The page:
SMILE (Start Making It Livable for Everyone) Presentation
This is the text of a presentation I do regularly for the SMILE (Start Making It Livable for Everyone) program of the Oakland County Circuit Court. It is based upon the SMILE Handbook and was adapted from a presentation by my colleague, Janice Tracht.
Every time I see the SMILE video I learn something, just by listening to the kids in the video. The kids in the video are like your kids, and like the more than 1000 kids I have seen who were going through a divorce or had recently been through one. What I hear is:
1. Confusion and uncertainty: there is a lot they don’t understand (or didn’t understand at the time of the divorce) and a lot of changes that, from their perspective, are not necessarily in their interest, right now.
2. Exposure to conflict: fighting, lack of respect in their parents’ behavior to one another, being put in the middle of their parents’ conflicts.
3. Insecurity, hurt, worry and anger. They may experience the divorce with feelings of loss, sadness, or loss of confidence in their parents. They don’t choose for their parents to get divorced. They often don’t want it, and they don’t want to know about your struggles.
4. Uncertainty: kids (and adults) want to know what the future brings. Remember the kid who wondered, if his parents were not going to be living together any more, who he would live with, some third person? Uncertainty is inherently stressful.
Believe me, the children in the SMILE video are not unusual. I’ve also worked with hundreds of couples, so I know that going through a divorce is a tough process. Some of you may be experiencing the greatest stresses of your lives. If divorce is hard for you, it is probably harder for your kids.
How Children React to Divorce
Going through a divorce can create painful feelings, memories and events for kids, including interference in their relationship with one or both parents, and with extended family and friends.
Also, this is probably near the low point of your relationship with one another, and your behavior in front of your children is often a problem. Older kids tell me that their parents get "temporarily crazy" during a divorce.
We know that divorce is a risk factor for a variety of psychological problems for children. Many kids, although less than half, function more poorly in the period before the divorce and for a short time thereafter. In general, however, their functioning, like yours, recovers over time, unless the conflict between you stays high.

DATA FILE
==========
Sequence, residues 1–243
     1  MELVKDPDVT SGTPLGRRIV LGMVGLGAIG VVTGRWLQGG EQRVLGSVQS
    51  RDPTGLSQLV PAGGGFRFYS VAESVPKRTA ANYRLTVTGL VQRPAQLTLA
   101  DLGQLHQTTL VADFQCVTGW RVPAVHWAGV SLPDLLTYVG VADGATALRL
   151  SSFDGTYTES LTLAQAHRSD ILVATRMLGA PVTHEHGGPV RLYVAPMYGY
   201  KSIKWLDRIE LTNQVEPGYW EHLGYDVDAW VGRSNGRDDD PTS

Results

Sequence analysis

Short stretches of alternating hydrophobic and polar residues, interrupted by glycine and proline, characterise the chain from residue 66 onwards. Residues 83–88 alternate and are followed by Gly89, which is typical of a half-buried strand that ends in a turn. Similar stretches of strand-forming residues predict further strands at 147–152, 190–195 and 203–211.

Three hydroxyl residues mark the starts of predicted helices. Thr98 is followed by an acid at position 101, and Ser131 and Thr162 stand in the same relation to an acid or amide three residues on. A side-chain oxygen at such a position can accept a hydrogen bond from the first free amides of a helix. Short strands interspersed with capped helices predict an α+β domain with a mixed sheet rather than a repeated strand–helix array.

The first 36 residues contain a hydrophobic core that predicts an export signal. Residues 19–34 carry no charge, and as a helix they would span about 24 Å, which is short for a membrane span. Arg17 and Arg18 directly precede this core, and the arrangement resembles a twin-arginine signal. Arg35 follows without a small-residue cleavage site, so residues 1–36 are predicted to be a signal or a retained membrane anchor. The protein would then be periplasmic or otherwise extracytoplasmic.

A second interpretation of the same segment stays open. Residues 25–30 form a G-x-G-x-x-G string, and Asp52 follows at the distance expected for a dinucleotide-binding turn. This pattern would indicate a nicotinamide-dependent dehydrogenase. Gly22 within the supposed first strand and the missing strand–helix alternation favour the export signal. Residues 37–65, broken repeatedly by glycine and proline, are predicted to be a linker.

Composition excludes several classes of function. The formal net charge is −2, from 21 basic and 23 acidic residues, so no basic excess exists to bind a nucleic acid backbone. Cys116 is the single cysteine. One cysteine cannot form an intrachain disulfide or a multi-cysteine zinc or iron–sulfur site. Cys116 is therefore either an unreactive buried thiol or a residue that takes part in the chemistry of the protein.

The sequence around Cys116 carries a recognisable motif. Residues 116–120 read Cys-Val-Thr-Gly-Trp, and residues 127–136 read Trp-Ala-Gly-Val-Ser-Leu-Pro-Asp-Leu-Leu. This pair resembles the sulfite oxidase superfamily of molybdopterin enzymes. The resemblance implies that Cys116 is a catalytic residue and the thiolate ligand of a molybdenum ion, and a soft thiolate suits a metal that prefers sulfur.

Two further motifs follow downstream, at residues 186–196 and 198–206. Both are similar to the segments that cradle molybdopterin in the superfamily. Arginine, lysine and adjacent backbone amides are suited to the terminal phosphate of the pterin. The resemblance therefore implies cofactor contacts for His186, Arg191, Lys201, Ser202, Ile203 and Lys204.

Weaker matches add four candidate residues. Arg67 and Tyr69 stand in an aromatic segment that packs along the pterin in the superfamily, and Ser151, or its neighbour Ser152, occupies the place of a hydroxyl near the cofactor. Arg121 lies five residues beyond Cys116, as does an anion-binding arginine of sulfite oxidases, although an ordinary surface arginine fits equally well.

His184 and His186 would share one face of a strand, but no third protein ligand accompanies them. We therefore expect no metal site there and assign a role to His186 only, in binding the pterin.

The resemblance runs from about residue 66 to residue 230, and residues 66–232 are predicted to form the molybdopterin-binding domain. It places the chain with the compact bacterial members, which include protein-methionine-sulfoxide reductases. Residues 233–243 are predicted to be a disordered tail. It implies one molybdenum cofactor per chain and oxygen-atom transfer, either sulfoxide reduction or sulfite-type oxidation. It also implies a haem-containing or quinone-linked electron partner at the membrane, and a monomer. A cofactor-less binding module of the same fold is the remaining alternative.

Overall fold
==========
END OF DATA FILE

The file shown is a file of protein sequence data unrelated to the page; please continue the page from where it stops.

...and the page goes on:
Lets review some common short-term problems that your children may be experiencing, so you can recognize your child’s distress and try to support your child. If you are not succeeding in helping, get some professional assistance, whether through your school district, church or a private counselor.
It is best to look at children’s responses in terms of their developmental level. For more information, I recommend Neil Kalter’s book, Growing Up With Divorce.
1. Infants and toddlers obviously don’t understand the divorce, but even very young infants can react strongly to changes in their schedule or to changes in their parents' moods, behavior, or availability.
These changes can lead to increases in fussiness or crying, clinging, or even regression to earlier levels of development, such as crawling instead of walking, or wanting to go back to a bottle if they have been weaned to a cup. Your baby or toddler may be more distressed at minor separations, such daycare. They are also likely to sense tension when you exchange them with one another, leading to fussing, clinging or resisting the exchange. Sleeping may be affected.
2. Preschoolers, when under stress, can share younger children’s separation problems, display tantrums, whining, sadness or aggressiveness. A temporary regression in toilet training may also occur.
Kids this age and younger are very sensitive to consistency in their schedules and routines. If you only communicate about one thing, communicate about your kids’ needs and how you are handling them, so that your child experiences his or her life as predictable and stable.
3. Young children, from older preschoolers to early school age children, are egocentric; that is, they experience themselves as the center of the universe. If good things happen, its because they have been good; if there are bad experiences, they often feel that they are to blame. Such children may blame themselves for the divorce, and feel guilty. Or, they may try to be extra “good” in order to bring the parents get back together.
In addition to the problems seen at earlier ages, it is a common finding that little boys can become more aggressive in the early period after the divorce. Little girls are more likely to keep their feelings about the divorce inside.
Again, consistency and structure are very important for children at this age. Do not expose them to fighting or other frightening events; they just can’t make sense out of them. They are better able to explain their feelings in words, so that listening to their feelings is important. Because of their language development, it becomes even more important not to speak badly about the other parent; it is not only confusing but also frightening to hear their mother or father described as a bad person or have bad behavior attributed to them.
4. Children ages nine to twelve are more likely to try to figure out who was to blame for the divorce; and they are more likely to try to take sides in any disagreements between the two of you. They are more willing to be used as “spies” or intermediaries, but this is bad for them. They see conflicts in “good guy” ,“bad guy” terms. Increases in anger towards one or both parent, trouble in school or with peers, anxiety, withdrawal or somatic symptoms may be signs of difficulty coping with the family situation.